Marvin Falitz was a friend of mine. We flew together at Northwest Airlink. We both had been in the Navy before, too. Marvin was on submarines, I was on a destroyer. One day I left a picture in his file of depth charges going off as a ship attacked a sub, and wrote "Another steel coffin goes to the bottom". He replied with a picture of a ship blowing up from a torpedo hit with one simple word: Target.
Marv had spent a lot of time in the Merchant Marine making big bucks but he got tired of seeing endless open ocean every day. So he got his flying license, built some time and got hired at Airlink. He was the only First Officer to ever show up at class in a Mercedes Benz. He got posted to Minneapolis and when winter hit his car wouldn't start. It was a diesel and the fuel had gelled. So it sat there for two months in the employee parking lot until we hit a warm day, then he traded it in on a new Lexus. And I was driving a Yugo.
One day a group of us went to the horse track. It was a beautiful summer afternoon and my first time to a horse race. We were using these scientific formulas that Eddie had to pick a horse, but Marvin just picked ones because "I knew someone with a name like that". We lost every race, but Marvin won every time. Every time! He'd collect his winnings, buy us all hot dogs and beer, and pick another horse. At the end of the day, before the final race, we gave all our remaining money to Eddie with instructions to place a big bet on this particular horse that Marvin had picked, Lucky Lindy or something. We went out to the parking lot, piled into the Lexus and picked up Eddie at the gate. "Did you make the bet?" "Yes, but I picked Snagglepuss. He had much better numbers." "What?!" Later we learned that indeed, Lucky Lindy had won, and if he'd placed that bet like we told him to we all would have made like $500 each.
One late November afternoon in 1993 Marvin called me up. "I want to go fly the B-17," he said. Some girlfriend had bought him this line control, gas powered balsa wood B-17 model. He built it and it was huge, and amazingly detailed! "Are you sure? It's pretty windy today." "Yep, it's taking up too much room in my apartment." So I met him at this church parking lot. Crystal clear blue sky, windy, cold. We set it up, it was a beauty, so much detail. I held the tail while Marvin started the engines, then he ran over and grabbed the control line. "Let it go!" he yelled. I let go and off it went. After a quarter turn it lifted off, looking exactly like an old movie scene from WW2. Beautiful! I was speechless. Then a wheel fell off so we knew this wouldn't end well. As it continued around the circle it climbed higher and higher, higher and higher. After three quarters of a turn it was directly overhead, stalled and plummeted downwards. "Look out!" I yelled. It crashed right next to Marv, not ten feet away. A million pieces of balsa wood and olive drab smashed into the ground. We stood looking at it a while, then Marvin said, "Sigh. Just as well. I didn't have room for it anymore." We took a few pictures of Marv laying next to it like it had creamed him good. Then he poured the remaining model engine fuel on the wreckage and lit it.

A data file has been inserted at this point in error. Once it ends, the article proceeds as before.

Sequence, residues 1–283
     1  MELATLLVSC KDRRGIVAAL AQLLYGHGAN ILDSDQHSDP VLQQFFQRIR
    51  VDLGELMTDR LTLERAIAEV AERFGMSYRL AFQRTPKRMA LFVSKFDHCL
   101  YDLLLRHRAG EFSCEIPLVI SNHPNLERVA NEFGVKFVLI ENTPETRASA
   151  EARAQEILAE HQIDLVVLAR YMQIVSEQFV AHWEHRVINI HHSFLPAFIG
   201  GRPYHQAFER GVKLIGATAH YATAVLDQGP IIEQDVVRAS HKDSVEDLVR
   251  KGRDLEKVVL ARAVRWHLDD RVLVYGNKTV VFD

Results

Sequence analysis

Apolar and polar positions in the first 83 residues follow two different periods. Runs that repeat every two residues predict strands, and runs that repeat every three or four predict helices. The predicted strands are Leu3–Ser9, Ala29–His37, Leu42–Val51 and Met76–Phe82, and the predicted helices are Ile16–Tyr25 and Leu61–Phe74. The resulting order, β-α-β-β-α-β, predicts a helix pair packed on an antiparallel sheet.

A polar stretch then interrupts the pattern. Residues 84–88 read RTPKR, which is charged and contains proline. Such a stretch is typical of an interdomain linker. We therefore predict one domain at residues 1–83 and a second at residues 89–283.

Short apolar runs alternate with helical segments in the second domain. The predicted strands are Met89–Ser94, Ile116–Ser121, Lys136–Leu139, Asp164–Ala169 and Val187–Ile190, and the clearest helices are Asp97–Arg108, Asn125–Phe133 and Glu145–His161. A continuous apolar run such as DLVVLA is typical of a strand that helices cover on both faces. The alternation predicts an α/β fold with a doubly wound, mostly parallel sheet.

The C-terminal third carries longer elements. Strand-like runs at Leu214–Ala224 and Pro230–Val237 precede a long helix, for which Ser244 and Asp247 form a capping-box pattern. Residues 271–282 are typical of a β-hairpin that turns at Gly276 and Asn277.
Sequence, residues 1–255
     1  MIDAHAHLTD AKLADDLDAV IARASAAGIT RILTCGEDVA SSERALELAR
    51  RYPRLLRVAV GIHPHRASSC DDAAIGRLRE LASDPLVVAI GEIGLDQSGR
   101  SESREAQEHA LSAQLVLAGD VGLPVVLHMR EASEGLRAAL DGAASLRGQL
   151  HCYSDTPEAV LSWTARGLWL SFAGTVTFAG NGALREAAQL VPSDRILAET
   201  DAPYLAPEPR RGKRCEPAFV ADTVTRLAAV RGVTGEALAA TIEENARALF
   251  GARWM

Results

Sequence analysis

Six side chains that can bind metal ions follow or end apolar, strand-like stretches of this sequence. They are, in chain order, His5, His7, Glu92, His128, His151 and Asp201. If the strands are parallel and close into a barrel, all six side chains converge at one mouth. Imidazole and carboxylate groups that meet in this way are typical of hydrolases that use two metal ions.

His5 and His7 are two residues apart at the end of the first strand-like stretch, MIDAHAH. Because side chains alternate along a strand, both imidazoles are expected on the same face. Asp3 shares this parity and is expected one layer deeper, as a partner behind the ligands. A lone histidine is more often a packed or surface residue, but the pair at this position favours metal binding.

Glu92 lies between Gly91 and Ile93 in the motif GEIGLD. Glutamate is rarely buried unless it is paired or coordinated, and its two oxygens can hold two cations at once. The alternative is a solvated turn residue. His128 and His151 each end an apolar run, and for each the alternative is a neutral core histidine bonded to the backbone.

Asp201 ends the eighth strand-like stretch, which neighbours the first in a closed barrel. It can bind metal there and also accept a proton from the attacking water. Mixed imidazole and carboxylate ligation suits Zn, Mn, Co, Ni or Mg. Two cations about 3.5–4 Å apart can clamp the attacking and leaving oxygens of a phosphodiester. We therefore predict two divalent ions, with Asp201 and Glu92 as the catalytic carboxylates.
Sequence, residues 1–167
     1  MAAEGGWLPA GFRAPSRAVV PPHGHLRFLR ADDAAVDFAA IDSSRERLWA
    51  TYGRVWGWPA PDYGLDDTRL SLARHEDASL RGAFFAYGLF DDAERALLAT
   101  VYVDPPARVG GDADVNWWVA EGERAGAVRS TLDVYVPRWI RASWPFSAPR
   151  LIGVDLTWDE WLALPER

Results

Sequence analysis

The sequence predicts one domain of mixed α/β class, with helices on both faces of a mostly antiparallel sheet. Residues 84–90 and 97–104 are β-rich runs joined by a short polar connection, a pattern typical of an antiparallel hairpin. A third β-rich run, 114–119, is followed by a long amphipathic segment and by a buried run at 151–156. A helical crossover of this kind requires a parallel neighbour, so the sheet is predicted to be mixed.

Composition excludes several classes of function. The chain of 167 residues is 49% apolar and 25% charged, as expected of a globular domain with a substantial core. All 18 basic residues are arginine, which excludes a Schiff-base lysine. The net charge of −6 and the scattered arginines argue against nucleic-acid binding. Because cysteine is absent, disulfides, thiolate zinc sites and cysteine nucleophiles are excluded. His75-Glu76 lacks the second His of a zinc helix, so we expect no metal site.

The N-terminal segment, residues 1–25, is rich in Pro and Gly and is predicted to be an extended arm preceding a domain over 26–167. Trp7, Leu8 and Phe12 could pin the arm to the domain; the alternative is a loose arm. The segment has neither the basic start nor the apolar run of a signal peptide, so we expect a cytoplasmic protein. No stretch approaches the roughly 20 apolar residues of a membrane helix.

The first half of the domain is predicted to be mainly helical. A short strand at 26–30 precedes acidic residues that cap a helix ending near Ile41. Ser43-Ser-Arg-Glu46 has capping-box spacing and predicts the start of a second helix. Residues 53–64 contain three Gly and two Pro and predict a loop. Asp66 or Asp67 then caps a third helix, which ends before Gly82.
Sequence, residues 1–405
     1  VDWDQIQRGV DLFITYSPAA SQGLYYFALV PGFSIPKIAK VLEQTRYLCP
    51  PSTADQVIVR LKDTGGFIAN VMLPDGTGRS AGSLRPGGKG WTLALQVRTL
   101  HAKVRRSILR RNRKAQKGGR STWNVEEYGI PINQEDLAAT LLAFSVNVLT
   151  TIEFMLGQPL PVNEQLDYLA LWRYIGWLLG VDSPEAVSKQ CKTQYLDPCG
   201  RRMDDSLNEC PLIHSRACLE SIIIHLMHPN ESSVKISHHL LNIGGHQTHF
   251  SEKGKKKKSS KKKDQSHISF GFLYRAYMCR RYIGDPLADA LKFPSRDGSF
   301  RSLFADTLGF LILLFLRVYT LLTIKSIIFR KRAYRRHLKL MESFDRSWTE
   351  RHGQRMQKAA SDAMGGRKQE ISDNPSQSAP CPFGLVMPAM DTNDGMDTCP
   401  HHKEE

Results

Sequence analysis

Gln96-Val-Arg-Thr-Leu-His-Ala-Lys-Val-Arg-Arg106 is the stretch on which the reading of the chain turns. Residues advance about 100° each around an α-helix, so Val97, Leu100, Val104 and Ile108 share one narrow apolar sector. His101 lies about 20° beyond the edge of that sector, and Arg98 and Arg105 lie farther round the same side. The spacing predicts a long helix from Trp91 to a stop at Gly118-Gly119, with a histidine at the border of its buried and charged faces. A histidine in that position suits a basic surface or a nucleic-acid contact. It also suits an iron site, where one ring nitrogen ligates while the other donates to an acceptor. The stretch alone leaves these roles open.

December 1, 1993. Marvin and Chad flew up to Hibbing in a Jetstream 31, flight 5719. The weather was night time winter lousy, with fog, icing and snow. They flew the back course approach, but when they were supposed to level off they got distracted for a moment, leveled off a few hundred feet low and hit a tall tree doing 140 mph. Took the right wing off, it rolled 190 degrees to the right and hit a slag hill moments later, killing all 19 on board instantly.The NTSB was pretty hard on Marvin, calling him abusive. But I knew Marv, and I'll always remember that smoke from the burning model rising up into the annihilating sky, like God calling him home. You're gone but not forgotten Marv, fair winds and following seas my salty friend.